The Liberal and Labor websites are both skinny on policy in any event and 'how we intend to govern' doesn't rate a mention. Neither party has anything to match The Greens policy on Democratic Participation.
With politicians low on the trust scale you'd hope how they plan to earn it back would get a full airing.
However to date no mention in the NSW campaign of the Fitzgerald principles that had some impact in Queensland. Hardly a challenge you would think:
1. Govern for the peace, welfare and good government of the State;
2. Make all decisions and take all actions, including public appointments, in the public interest without regard to personal, party political or other immaterial considerations;3. Treat all people equally without permitting any person or corporation special access or influence; and4. Promptly and accurately inform the public of its reasons for all significant or potentially controversial decisions and actions.
The major parties aren't throwing mud from ICAC digs in recent times, presumably because they'll get as good as they give.
The Greens John Kaye's commentary last July is a little dated but highlights ICAC recommendations from 2010 that both have let go through to the keeper.
Including on Lobbying. The Government introduced welcome reforms in 2014.This was my take on important elements missing.
Labor in July 2014 said Labor ministers, their staff and departments would no longer be allowed to meet third-party lobbyists, who advocate on behalf of the private sector. If it was likely to happen that would be a real test of lobbying skills and my guess is they would manage to head it off.
NSW already has the most stringest rules in the country and the Schott report released on Christmas eve recommended many improvements in law and practice. Premier Baird has now committed to most recommendations but an editorial in The Sydney Morning Herald points out his failure to fully embrace real-time disclosure of donations to avoid long delays in reporting, and the recommendation for independent oversight of changes to electoral funding limits. Labor's views (last September in the name of current leader Foley's predecessor) were hardly big and bold apart from full public funding, an idea going nowhere.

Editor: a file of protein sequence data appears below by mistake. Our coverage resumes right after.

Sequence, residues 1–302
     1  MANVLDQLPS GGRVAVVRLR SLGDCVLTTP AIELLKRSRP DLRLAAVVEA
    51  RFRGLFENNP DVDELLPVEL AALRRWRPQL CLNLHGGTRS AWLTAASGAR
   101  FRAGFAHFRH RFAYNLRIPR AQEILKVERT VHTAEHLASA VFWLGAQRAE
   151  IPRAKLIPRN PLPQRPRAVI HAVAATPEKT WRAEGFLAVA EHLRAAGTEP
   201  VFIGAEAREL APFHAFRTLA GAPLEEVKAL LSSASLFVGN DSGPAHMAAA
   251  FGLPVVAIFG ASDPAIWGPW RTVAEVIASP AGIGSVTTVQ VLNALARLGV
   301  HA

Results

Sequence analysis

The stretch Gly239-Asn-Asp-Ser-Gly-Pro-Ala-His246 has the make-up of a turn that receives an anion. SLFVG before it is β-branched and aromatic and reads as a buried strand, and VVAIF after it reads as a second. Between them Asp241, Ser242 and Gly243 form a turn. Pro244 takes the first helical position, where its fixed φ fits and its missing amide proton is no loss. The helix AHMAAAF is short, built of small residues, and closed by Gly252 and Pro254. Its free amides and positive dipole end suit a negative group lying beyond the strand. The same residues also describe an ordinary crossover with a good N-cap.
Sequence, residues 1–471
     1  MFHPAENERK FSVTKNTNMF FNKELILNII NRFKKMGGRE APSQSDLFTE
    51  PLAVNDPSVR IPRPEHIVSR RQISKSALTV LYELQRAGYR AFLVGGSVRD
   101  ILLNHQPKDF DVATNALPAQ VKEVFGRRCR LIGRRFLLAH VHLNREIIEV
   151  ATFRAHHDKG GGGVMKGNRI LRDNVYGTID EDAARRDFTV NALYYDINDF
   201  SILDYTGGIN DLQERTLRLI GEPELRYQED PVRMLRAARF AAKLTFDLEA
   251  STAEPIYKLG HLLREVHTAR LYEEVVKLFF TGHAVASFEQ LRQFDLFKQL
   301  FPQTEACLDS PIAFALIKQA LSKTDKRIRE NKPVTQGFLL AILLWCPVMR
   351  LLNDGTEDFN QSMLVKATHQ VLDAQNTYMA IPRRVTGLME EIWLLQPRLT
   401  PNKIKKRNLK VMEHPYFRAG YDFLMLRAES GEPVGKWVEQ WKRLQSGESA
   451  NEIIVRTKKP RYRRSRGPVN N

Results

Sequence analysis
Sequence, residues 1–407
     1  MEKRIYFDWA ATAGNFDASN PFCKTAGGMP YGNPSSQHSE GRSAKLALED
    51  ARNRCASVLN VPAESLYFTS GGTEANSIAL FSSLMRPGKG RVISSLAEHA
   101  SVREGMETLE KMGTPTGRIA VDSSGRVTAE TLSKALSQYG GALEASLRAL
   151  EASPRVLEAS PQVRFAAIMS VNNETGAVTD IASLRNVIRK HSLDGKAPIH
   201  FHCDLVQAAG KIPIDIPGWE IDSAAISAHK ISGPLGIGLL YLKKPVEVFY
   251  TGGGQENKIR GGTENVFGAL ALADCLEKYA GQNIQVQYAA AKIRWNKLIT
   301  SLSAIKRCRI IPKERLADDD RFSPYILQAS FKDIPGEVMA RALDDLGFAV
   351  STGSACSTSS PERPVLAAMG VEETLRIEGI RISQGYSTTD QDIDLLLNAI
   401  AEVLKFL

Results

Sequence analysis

The SMH is right:
"If NSW is to have transparent democracy, it needs a world-class electoral funding system."So too Federal and other state and territory systems that meet that standard.
All round we are a long way short.
Hard to spot any references or commitments so far. The party leaders could be forgiven for not knowing, but seven months ago the Attorney General kicked off a required statutory review of the NSW FOI/RTI equivalent, the Government Information (Public Access) Act. Apart from a call for submissions, silence then and since. The Information Commissioner reports encouraging signs to June last year in the way agencies are implementing the act but "there is still work to be done to promote access to information and achieve the objects of the Act."
While NSW 2009 reforms were steps in the right direction, still plenty of room for improvement in my view.
One welcome step since July 2014 is the publication of a version of Ministers' Diaries,
but it hasn't been enacted in legislation.
As to other transparency initiatives?
Digital Age/Open data
Governing in the Digital Age sounds necessary and vital right now rather than a promise for the future. But just an example mind you, nearly every government agency in NSW only accepts snail mail GIPA applications and requires payment by cheque, or wait for it, Money Order. Then there's "Service NSW.. set up in 2013 by the NSW Government to make it easier for NSW residents and businesses to transact with government." Related example, you can't make a GIPA application for information to any government agency using that facility.
NSW published data sets are said to be 'high value' but whether that's the way those outside government view them is another question; even whether agencies ask those likely to utilise them for accountability or commercial or social reasons.
Too many data sets published are not in machine readable form, limiting the use of the data.
The GIPA and Open Data worlds need to be linked not siloed as separate universes.
Labor seems silent on these issues.
Parliamentarians should be lining up to support transparency and accessibility of information in the Interest Register and concerning payment and use of entitlements. Alas.
Other issues such as ethical standards, whistleblowing, and post government employment of ministers are yet to surface either and ICAC supporters and those who support donation reform wait on wisdom from the High Court.
Meanwhile Queensland is acting on some of its integrity commitments as a high priority, so that's a welcome development.